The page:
The open source community can't provide a drop-in replacement for expensive, high-end CRM applications from the likes of Salesforce.com or Siebel just yet. Still, you might be surprised at the level of sophistication some of the available projects already offer, particularly for midsize organizations.
SugarCRM, for example, offers a complete, enterprise-class CRM system built on open source technologies, including PHP, MySQL, and the Apache Web server. The base package, called Sugar Open Source, is available for free download under SugarCRM's custom license. The company also packages a commercial version of the software called Sugar Professional. SugarCRM offers paid support packages for both the commercial and open source versions of the product.
The InfoWorld Test Center reviewed Sugar Professional 2.5 in April and found it to be a reasonable solution for small and midsize enterprises. What's more, SugarCRM is no slouch when it comes to feature enhancements. Version 3.0 introduced campaign and contact list management, e-mail marketing, project management, employee directory, and calendar synchronization tools. The forthcoming Version 3.5 will add an offline client for traveling sales staff, an extensible module framework, and support for Oracle databases.
Primarily an ERP solution, Compiere offers some CRM functionality. Instead of an independent module, Compiere presents the user with a logical view of all customer- and prospect-related activities, and offers lead tracking, campaign management, customer profitability analysis, and self-service online inquiry for business partners. You can read more about Compiere in our open source ERP roundup.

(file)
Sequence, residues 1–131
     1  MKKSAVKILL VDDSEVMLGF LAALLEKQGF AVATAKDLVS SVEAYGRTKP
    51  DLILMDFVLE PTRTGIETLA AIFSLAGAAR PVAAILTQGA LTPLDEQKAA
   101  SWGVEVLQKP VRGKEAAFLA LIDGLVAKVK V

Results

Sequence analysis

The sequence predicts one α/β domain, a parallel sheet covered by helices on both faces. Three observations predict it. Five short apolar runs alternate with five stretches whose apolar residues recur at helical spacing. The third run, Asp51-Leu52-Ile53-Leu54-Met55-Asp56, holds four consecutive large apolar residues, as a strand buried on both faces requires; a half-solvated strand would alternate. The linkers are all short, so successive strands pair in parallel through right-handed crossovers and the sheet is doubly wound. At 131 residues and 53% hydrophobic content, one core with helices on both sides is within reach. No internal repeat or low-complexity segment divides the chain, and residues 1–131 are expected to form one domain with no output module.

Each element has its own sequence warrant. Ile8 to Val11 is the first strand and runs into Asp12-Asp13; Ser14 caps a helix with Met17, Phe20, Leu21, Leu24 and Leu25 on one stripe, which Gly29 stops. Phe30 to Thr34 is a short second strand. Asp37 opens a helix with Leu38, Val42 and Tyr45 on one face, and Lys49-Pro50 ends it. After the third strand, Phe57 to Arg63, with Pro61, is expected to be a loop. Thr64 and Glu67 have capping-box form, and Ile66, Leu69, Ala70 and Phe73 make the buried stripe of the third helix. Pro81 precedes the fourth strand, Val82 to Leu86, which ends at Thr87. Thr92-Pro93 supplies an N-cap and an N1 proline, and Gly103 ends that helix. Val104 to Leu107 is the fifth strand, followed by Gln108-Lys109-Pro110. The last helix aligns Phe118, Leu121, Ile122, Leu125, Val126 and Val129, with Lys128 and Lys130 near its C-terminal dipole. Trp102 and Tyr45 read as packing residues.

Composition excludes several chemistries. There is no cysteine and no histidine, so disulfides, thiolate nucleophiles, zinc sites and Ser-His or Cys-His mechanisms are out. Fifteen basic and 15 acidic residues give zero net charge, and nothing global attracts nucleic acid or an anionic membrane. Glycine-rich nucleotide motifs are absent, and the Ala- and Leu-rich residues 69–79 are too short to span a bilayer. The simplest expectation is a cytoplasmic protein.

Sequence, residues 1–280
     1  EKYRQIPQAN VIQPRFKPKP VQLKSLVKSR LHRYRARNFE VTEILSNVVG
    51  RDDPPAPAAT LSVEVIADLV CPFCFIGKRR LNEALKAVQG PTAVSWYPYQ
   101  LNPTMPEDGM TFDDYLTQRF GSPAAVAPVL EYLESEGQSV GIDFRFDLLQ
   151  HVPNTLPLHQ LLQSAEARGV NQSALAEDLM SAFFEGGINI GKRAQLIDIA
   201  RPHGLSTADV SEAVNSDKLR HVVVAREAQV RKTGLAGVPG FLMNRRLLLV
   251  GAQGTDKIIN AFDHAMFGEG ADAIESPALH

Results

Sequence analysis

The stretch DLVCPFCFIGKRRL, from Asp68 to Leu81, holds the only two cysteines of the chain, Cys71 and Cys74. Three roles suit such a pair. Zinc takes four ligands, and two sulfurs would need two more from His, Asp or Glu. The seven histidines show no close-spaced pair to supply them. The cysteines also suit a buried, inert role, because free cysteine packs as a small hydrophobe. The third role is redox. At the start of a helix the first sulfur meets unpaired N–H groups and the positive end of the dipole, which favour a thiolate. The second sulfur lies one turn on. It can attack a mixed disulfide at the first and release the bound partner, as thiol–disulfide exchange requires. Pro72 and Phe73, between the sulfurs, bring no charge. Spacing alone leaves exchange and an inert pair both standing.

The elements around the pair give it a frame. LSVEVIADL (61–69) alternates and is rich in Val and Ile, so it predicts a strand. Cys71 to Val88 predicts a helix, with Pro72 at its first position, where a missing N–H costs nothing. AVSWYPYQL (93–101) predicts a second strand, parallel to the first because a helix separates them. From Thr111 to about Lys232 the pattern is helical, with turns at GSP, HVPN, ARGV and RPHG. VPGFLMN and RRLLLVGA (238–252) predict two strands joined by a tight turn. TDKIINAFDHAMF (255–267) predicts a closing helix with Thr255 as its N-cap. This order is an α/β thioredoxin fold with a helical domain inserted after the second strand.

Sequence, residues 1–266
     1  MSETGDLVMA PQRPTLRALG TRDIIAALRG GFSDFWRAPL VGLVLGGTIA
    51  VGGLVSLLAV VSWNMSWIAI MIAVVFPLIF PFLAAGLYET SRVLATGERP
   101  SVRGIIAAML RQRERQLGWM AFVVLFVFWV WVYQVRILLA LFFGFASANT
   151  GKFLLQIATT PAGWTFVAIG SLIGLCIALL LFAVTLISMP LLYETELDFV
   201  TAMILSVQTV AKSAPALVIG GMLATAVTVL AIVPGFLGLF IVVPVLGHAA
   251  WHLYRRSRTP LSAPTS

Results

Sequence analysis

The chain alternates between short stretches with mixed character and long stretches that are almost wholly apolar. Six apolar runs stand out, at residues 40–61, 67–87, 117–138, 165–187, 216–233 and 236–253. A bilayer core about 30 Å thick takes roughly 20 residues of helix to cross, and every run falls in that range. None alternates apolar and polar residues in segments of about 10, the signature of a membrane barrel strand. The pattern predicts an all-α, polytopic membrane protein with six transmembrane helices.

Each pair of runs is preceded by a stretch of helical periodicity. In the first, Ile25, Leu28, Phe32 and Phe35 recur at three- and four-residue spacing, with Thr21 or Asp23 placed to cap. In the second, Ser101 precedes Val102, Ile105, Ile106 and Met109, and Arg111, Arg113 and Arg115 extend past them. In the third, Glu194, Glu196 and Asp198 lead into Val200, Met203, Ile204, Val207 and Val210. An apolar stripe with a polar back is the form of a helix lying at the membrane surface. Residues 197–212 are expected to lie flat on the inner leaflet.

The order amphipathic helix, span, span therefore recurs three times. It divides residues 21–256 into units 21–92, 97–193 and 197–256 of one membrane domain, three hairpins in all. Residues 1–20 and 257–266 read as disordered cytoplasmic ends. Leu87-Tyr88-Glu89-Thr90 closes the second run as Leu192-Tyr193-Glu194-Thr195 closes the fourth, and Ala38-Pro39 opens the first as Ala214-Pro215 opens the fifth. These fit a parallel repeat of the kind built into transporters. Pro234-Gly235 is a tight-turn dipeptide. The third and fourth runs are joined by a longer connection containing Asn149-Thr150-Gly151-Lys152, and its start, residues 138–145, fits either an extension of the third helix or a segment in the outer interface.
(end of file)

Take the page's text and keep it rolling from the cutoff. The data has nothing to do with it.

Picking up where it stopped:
The Open for Business Project offers a suite of e-business applications under the MIT License, including CRM, ERP, and e-commerce features. Similar to Compiere, the Open for Business Project does not break out its capabilities into discrete modules. Rather, the entire suite is built on top of a common data model that facilitates a variety of sales, accounting, facilities management, and collaboration activities. This has its ups and downs; it means the various activities are well integrated within the suite, but it also means you must buy into the entire, monolithic package to take full advantage of its capabilities. A number of premium consulting organizations provide support for the package.
Sales and customer support activities are too critical for most businesses to commit to a CRM package lightly. One advantage of the open source model, however, is that you aren't restricted to a limited trial run, as you would be for a commercial package or a hosted offering such as Salesforce.com. All of the packages listed here are readily available for download, so go ahead and experiment -- it costs you nothing to try.